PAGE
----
Why would an economist need a tracking device in his shoe? 0



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Narconomics is a factual book written by an economist Tom Wainwright– how dull can that be?  Well, the opening paragraphs describe his days in the world’s most murderous town (Ciudad Juarez) where he’s trying to get a tracking device into his sock but, for some reason or other, it doesn’t work. How will they find his body after he’s been shot?

This is a thorough and informative probe into the world of drug production, smuggling and marketing, dipping into the lives of those involved, explaining how the whole thing operates from an industrial point of view and how the whole mess could be tidied up somewhat by more informed policies; policies that will challenge the majority of beliefs I suspect.

However, it’s clear that we, the general public, are being fed a lot of drivel by the press, whose bent for sensationalism overrides quality reporting in most instances and that is only added to by politicians pushing populist lines that generally have the opposite effect to what they, and the public, expect.

Then again, when you read that over 60 journalists have been murdered in one area in Mexico in a decade (an increase of 51 over the previous decade) you may be inclined to have some sympathy. Murders in this area are now routine and not reported upon.

Another aspect that struck a chord with me was how we non-drug takers appeal to people by saying how harmful they are but, in truth, the death rate is very low. How much better to show graphic illustrations of people’s mutilated bodies in far away countries that came about because of the western world’s seemingly insatiable appetite for illegal drugs?

NarconomicsFrom afar it’s hard to know how to change things around in countries like Guatemala where 50% of all children under 5 are malnourished, people from outside are advised not to walk more than one block from their accommodation and the government can’t raise taxes so basic services are ignored; and that’s only some of the problems!

The book explains lucidly the things and attitudes that need to be overcome and may well leave you in despair of the seeming impossibility of change but it carefully considers all aspects and explains how the World Bank’s annual “Doing Business” report is a blueprint for the drug cartels.

It dissects every aspect of trafficking doing a fascinating parallel with franchised businesses, such as a famous hamburger chain, which is what some of the larger drug-dealing organizations have become; franchised businesses, not hamburger chains. It delves into the hierarchy of mediaeval Florence and draws parallels to what’s happening in the cartels. An explanation of the futility of attacking the source is expanded upon and then it goes on to say where we should better spend our resources if the traffic is to be curbed.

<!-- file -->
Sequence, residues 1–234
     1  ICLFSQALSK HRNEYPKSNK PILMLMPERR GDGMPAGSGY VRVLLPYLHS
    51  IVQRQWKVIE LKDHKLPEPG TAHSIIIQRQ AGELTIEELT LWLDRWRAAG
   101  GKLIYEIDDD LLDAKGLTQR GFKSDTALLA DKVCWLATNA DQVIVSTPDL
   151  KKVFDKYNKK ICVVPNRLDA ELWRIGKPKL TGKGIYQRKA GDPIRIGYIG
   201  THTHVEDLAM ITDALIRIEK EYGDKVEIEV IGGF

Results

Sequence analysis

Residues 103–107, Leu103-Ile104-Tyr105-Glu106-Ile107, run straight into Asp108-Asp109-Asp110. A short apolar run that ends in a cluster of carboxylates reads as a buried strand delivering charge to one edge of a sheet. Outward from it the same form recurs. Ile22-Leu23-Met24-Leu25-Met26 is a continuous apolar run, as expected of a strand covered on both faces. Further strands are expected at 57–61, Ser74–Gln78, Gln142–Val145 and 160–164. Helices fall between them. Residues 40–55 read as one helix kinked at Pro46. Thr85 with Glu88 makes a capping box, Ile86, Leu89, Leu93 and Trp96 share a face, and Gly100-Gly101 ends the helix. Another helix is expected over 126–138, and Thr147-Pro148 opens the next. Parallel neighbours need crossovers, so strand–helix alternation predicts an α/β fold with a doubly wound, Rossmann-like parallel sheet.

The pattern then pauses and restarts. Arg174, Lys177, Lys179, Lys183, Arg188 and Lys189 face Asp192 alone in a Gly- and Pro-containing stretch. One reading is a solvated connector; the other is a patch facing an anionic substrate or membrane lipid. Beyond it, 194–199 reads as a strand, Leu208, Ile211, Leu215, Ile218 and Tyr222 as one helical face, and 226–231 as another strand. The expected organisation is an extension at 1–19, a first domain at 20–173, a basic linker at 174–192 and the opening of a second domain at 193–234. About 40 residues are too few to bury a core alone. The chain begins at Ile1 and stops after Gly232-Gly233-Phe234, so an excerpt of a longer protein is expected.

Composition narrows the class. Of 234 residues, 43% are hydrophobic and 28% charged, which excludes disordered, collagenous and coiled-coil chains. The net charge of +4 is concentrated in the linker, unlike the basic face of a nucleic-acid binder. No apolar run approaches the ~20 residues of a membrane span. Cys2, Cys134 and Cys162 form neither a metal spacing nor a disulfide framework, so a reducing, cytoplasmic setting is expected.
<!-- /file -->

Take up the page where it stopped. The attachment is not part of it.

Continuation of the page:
He makes a good case towards the end that “Economists Make The Best Police Officers”, which has some salient points though I doubt our local constabulary will take heed. Neither will there be a significant shift to prevention, such as prison education, rather than cure, one suspects, yet this type of attack has had significantly better results than law enforcement.

The book has the one thing I rate above all else when rating, readability.  No sooner has the author dealt with one aspect in detail than he delves into another utilising personal experience and anecdotal evidence and he doesn’t leave you wondering about some aspect that he might have overlooked.

If you want to learn how drug dealing really works, this is a book for you.

Narconomics by Tom Wainwright is available now from Dymocks.

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Ian Smith

I have written for 3 different motorcycling magazines, soccer publications and, latterly, travel. It has been apparent that I write and photograph from a different perspective to others and have a leaning towards humour as well. My next birthday will be my 70th (scary) but I still love bushwalking and photography and play golf once a week while dreaming about my next trip in my motorhome.

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